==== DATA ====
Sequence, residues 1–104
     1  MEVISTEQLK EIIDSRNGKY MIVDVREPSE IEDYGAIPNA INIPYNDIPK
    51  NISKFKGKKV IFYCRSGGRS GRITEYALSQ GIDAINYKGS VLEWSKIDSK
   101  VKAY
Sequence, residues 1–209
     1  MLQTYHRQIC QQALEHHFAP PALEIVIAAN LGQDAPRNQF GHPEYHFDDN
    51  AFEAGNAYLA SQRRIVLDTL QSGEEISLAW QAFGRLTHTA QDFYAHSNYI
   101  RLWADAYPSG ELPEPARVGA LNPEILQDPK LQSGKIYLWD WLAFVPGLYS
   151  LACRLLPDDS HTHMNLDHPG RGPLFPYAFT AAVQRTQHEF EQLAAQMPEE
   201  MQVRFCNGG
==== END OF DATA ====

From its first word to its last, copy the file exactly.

Sequence, residues 1–104
     1  MEVISTEQLK EIIDSRNGKY MIVDVREPSE IEDYGAIPNA INIPYNDIPK
    51  NISKFKGKKV IFYCRSGGRS GRITEYALSQ GIDAINYKGS VLEWSKIDSK
   101  VKAY
Sequence, residues 1–209
     1  MLQTYHRQIC QQALEHHFAP PALEIVIAAN LGQDAPRNQF GHPEYHFDDN
    51  AFEAGNAYLA SQRRIVLDTL QSGEEISLAW QAFGRLTHTA QDFYAHSNYI
   101  RLWADAYPSG ELPEPARVGA LNPEILQDPK LQSGKIYLWD WLAFVPGLYS
   151  LACRLLPDDS HTHMNLDHPG RGPLFPYAFT AAVQRTQHEF EQLAAQMPEE
   201  MQVRFCNGG